Pakistan began development of nuclear weapons in January 1972 under Prime Minister Zulfikar Ali Bhutto, in response to the loss of East Pakistan in 1971’s Bangladesh Liberation War. Pakistan detonated its first nuclear bomb by the end of 1984. India has developed and possesses nuclear weapons for some time now. Although India has not made any official statements about the size of its nuclear arsenal, recent estimates suggest that India has 200 nuclear weapons. India first tested a nuclear device in 1974. So both Pakistan and India have a lot of historical experience with nuclear weapons.

News Forecasters asked, how likely is a nuclear confrontation to occur? There are two points that need to be understood. First, India, for now, is the winner there’s no point for them to start any confrontation. It is up to Pakistan to respond. Second, a nuclear conflict would not start immediately. It would stem out of conventional military action that would be done by the Pakistanis and then responded to by the Indians.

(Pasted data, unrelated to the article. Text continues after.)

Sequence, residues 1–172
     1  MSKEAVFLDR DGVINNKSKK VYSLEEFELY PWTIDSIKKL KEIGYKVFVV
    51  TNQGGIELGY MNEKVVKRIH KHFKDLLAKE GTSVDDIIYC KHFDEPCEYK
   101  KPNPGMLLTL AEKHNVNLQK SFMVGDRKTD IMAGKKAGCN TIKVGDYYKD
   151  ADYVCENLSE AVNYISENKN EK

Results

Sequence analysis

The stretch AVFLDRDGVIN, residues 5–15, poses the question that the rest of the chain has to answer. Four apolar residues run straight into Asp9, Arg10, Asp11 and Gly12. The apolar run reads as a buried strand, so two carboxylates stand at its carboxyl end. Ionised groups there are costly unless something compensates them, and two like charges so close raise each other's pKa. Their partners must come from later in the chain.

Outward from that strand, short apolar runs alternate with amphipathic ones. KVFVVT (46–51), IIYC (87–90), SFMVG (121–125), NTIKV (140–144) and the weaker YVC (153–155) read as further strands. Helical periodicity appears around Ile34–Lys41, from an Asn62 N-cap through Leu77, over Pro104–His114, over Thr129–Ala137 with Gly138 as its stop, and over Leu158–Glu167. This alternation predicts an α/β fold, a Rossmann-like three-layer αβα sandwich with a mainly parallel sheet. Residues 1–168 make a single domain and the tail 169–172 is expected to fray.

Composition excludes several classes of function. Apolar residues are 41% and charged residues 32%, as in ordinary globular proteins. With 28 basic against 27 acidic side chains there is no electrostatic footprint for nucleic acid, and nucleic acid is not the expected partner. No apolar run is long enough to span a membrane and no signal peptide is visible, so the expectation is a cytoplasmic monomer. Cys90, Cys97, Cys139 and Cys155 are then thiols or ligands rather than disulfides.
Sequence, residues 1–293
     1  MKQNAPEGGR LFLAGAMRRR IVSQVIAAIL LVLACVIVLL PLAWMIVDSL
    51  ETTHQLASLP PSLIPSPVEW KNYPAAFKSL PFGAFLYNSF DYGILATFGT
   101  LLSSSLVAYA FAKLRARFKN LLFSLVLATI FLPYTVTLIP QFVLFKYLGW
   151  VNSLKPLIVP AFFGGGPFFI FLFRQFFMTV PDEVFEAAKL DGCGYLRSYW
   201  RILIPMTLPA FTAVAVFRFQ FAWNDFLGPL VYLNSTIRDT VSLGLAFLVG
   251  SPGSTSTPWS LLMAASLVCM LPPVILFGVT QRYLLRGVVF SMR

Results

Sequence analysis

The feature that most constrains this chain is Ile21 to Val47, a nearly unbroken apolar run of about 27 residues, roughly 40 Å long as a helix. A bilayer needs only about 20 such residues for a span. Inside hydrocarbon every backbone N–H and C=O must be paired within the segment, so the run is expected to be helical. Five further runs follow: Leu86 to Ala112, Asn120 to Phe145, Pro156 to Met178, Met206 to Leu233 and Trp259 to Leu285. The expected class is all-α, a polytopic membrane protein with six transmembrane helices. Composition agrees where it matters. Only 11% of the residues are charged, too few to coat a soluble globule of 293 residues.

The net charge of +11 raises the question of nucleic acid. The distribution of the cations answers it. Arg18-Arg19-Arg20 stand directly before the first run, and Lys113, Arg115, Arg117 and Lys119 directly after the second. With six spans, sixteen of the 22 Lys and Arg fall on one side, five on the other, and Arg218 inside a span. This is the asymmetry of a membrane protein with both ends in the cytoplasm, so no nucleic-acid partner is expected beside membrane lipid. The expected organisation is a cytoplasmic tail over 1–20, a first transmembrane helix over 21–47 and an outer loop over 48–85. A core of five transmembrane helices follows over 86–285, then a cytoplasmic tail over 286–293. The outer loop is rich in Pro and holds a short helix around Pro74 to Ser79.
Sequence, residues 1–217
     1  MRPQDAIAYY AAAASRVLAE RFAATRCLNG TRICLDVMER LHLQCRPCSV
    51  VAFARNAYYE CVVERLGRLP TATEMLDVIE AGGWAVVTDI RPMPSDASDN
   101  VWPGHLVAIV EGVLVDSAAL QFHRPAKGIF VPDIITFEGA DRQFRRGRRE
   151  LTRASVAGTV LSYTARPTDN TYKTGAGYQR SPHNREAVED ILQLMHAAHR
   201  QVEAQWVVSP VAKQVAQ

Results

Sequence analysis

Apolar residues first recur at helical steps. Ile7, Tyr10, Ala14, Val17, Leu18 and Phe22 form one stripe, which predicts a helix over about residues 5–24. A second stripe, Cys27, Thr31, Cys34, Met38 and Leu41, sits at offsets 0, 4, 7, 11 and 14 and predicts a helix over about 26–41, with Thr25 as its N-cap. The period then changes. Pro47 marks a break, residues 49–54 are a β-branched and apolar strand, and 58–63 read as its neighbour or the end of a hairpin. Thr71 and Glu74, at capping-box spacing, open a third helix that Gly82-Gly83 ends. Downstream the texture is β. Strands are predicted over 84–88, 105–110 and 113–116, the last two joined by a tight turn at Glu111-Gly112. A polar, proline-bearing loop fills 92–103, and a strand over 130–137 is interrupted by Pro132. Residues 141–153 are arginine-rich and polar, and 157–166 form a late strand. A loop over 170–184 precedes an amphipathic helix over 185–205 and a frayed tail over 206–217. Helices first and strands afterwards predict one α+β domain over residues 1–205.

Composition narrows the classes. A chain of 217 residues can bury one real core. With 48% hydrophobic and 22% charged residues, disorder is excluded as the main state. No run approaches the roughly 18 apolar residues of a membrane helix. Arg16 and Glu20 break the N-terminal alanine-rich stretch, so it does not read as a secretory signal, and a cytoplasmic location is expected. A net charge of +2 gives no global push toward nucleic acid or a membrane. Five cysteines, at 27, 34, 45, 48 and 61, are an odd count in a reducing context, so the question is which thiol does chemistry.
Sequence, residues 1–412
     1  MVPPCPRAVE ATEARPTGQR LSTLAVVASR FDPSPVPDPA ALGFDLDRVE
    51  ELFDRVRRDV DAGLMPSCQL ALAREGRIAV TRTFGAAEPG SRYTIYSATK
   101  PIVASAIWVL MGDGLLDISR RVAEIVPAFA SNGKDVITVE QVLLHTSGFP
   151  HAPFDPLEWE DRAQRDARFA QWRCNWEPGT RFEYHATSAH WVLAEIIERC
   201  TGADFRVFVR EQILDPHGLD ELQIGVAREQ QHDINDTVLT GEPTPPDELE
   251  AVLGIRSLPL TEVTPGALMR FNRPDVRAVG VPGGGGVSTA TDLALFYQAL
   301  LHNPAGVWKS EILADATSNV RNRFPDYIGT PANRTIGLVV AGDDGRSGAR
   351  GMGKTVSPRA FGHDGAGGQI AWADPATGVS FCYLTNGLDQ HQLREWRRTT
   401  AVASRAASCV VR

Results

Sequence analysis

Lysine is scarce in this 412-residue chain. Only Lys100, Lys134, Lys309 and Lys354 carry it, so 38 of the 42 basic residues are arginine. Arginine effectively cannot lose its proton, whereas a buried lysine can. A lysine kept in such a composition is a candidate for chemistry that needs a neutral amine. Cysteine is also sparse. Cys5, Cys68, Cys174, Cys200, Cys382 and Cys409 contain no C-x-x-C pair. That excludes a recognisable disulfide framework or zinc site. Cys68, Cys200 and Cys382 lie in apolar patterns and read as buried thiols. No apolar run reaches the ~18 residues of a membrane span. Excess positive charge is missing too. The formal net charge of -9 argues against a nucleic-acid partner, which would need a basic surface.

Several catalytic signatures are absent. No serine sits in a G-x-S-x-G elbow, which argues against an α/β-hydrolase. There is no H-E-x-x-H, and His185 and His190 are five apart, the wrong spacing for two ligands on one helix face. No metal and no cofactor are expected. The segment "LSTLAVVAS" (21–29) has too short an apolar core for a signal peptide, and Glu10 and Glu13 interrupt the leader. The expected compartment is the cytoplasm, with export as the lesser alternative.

What could be some trigger points for a nuclear confrontation? One, trigger point would be if the Indians go beyond the LOC and take more of Kashmir than they already have. Another Trigger Point would be if after a protracted conventional military confrontation (2 to 4 years), escalates. India has the upper hand in any conventual military confrontation, however, if a more radical leader of Pakistan (either current one or a replacement) were to emerge, common sense goes out the window. Though foreign powers will try to arbitrate any conflict, most will stay clear of any direct involvement.

The Pakistani people can be easily radicalized, but it’s leaders most likely will be too busy trying to manage a country that is difficult to manage. News Forecasters’ view is that Pakistan will not have a leader that will emerge radicalized and strong enough to confront India. News Forecasters believe the likelihood of a nuclear flashpoint occurring in Kashmir is low, at least for the next 2 to 5 years (the situation can always change). This is probably what India is counting on. In the meanwhile, it will conduct its demographic change program to solidify its control over its portion of Kashmir.